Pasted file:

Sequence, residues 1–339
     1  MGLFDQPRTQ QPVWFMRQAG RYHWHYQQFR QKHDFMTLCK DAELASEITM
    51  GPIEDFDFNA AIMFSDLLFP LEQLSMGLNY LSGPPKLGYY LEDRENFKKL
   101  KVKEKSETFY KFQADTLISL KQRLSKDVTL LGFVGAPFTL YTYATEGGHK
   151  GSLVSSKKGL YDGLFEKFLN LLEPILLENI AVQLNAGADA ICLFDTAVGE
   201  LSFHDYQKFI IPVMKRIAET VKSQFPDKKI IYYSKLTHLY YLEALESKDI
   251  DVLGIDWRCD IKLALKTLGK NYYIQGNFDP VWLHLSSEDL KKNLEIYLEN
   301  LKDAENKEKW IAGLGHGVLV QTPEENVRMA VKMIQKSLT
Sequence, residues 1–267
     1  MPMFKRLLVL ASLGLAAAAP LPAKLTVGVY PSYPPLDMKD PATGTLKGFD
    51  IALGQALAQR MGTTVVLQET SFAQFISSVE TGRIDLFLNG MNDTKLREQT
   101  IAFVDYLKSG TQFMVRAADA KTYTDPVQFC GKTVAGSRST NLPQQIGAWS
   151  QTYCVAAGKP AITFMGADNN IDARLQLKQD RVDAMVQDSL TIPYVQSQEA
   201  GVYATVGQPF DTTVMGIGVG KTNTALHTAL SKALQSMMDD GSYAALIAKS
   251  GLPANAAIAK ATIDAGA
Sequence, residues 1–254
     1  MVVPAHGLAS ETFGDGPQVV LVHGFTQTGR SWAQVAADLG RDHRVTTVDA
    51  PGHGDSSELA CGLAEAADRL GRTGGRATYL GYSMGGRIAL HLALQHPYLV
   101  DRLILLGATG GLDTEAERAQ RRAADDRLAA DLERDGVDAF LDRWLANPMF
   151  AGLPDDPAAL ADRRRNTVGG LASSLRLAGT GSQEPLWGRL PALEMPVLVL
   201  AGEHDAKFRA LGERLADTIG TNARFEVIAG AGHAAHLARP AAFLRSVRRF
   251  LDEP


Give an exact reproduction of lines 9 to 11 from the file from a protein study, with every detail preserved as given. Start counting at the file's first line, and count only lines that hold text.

Sequence, residues 1–267
     1  MPMFKRLLVL ASLGLAAAAP LPAKLTVGVY PSYPPLDMKD PATGTLKGFD
    51  IALGQALAQR MGTTVVLQET SFAQFISSVE TGRIDLFLNG MNDTKLREQT